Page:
Quite a bit of interesting chatter around here on the subject of Madeleines over the weekend, some in the comment fields, some via email, all on the subject of what makes a “true” Madeleine. There can be no definitive answer to that of course, since the perfect Madeleine is in the eye (more precisely, the mouth) of the beholder. For every person out there who claims to have made a textbook Madeleine there’s someone else who thinks it’s dirt. Most of these people live in France, of course. Not only are Madeleines taken much more seriously there, there are bakers who have spent a good chunk of their lives working to perfect them.
I’ll never be a Madeleine maker of that caliber. Where they’re concerned I’m a true dabbler. I make a few from time to time, then move on to something else. I’m a generalist, and content to be so, since I’d make a pretty boring blogger if I weren’t.
However I was reminded of what a poetic and powerful thing specialization can be when I saw Jiro Dreams of Sushi this weekend. If you have yet to check it out, I highly recommend you go rent or stream this lovely film. It’s all about the level of excellence human beings can achieve when they’re at once talented, inspired, motivated and totally single-minded for a stretch of about 75 years. Beyond that, it’s an object lesson in how few simultaneously talented, inspired, motivated and single-minded people there are in this world, especially those fortunate enough to find the profession that perfectly suits them.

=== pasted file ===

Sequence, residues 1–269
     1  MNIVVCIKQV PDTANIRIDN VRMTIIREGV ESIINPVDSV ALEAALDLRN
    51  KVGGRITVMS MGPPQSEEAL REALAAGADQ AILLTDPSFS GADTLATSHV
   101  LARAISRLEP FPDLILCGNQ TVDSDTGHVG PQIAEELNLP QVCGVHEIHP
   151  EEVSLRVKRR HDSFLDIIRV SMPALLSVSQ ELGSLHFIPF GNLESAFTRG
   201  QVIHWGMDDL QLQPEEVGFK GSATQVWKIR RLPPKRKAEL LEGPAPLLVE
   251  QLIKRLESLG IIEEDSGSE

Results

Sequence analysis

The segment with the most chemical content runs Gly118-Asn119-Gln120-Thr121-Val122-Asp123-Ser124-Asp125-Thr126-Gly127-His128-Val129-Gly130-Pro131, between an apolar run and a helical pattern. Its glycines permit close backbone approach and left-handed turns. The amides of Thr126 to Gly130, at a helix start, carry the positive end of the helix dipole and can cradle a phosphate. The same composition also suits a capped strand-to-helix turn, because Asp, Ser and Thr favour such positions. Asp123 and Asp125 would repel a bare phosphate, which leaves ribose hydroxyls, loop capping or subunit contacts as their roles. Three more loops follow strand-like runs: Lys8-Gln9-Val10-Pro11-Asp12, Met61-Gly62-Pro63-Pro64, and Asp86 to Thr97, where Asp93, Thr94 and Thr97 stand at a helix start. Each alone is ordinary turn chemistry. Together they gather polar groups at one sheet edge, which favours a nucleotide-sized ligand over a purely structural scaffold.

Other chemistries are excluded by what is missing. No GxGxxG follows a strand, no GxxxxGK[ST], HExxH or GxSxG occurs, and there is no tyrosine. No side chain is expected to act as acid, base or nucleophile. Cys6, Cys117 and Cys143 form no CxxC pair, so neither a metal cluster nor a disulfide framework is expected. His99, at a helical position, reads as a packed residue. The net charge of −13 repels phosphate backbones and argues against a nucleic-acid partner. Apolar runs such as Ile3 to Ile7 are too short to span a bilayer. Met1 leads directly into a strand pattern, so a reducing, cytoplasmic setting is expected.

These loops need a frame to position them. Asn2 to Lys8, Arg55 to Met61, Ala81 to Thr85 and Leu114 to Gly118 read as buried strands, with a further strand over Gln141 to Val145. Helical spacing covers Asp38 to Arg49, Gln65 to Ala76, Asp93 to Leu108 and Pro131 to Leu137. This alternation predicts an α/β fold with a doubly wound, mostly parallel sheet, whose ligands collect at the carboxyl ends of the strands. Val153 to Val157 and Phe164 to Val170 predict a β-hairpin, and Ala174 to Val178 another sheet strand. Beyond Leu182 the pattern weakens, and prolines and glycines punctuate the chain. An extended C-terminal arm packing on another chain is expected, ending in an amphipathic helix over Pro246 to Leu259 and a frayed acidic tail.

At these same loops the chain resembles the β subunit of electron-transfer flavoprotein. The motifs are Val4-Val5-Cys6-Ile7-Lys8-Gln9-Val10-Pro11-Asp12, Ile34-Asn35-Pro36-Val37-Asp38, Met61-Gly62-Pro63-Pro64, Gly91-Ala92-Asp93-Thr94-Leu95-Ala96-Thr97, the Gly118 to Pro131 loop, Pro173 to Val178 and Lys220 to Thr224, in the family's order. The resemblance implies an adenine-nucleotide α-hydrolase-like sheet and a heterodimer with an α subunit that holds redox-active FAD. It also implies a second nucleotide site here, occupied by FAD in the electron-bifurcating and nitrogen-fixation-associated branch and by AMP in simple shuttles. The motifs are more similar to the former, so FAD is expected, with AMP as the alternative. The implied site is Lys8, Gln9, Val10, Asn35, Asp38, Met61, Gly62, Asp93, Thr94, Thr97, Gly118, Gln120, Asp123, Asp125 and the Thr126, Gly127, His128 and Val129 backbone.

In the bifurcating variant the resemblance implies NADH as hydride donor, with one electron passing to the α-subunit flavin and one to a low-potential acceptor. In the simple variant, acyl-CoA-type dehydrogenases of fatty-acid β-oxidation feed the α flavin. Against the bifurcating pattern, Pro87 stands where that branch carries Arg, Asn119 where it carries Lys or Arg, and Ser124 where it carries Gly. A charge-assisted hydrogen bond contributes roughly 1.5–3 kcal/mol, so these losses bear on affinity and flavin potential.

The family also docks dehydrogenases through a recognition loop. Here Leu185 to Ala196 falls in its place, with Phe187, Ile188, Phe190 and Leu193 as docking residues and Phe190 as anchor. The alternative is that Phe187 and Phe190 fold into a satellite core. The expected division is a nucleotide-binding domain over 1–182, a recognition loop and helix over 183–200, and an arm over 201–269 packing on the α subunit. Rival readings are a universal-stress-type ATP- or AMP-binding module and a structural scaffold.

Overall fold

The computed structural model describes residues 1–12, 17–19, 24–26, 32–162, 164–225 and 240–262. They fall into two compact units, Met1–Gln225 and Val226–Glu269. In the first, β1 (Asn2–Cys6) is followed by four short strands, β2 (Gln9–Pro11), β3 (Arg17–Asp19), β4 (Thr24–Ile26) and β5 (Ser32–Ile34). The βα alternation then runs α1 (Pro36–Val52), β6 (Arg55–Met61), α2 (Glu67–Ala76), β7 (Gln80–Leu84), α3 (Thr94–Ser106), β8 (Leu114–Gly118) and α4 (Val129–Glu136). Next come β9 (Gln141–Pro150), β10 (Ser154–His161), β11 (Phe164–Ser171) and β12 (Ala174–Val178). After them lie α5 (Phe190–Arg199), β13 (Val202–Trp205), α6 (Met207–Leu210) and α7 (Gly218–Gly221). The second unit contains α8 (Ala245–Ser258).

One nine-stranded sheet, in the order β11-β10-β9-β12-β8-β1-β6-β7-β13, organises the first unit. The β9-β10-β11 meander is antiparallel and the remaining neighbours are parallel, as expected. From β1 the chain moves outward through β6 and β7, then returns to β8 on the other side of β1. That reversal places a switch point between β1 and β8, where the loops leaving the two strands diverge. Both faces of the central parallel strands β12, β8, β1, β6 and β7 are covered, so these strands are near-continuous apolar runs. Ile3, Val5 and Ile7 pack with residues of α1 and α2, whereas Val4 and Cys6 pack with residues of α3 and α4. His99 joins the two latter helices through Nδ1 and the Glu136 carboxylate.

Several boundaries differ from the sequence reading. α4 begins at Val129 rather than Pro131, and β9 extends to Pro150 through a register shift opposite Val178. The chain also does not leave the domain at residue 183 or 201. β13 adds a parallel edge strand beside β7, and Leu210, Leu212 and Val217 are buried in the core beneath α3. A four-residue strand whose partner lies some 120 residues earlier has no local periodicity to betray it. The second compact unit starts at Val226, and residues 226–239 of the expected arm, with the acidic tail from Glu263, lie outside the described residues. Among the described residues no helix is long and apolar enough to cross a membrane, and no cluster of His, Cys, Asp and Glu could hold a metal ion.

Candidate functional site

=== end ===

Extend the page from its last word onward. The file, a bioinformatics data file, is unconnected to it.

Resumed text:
Watching Jiro Dreams of Sushi you’re rapt by 85-year-old Jiro’s mastery, yet consumed with pity for his 50-year-old son, who’d much rather be driving fast cars than slicing toro. However due to professional and societal constraints, Takashi is doomed to live out the rest of his days in his father’s shadow. You walk away from the whole film thinking: what I wouldn’t give to be that amazingly good at something! Then you think of poor Takashi. Once his father dies, Takashi probably will be recognized as the world’s greatest practitioner of sushi making, but he’ll wish he was in the car business instead. Bummer.
It reminded me of being in grade school in the Chicago suburbs in the 70’s. My fourth grade teacher was the sister of a then-famous playwright, who visited our school one afternoon to speak. He compared himself to a boy who once went to a market and balanced a ball on his nose for fun. People were so delighted at the sight that they threw money at him. So, he did it again. Before he knew it he was a professional juggler, though he always wanted to be doing something else. Thus, instead of a talk about the joys of writing and seeing your work performed on the stage, the playwright’s speech turned out to be all about regret and the importance of finding a career you love. Talk about depressing for a 9-year-old. Wasn’t this guy a celebrity? Famous people are supposed to be happy!
All of which goes to show…I don’t know what exactly. Other than life’s short, and it’s important not to go through it with regrets, whether you make world class anango or something-less-than-world-class Madeleines. The main thing is to have a good time. If this blog demonstrates anything, I hope it’s that. Now who’s up for some Pop Tarts?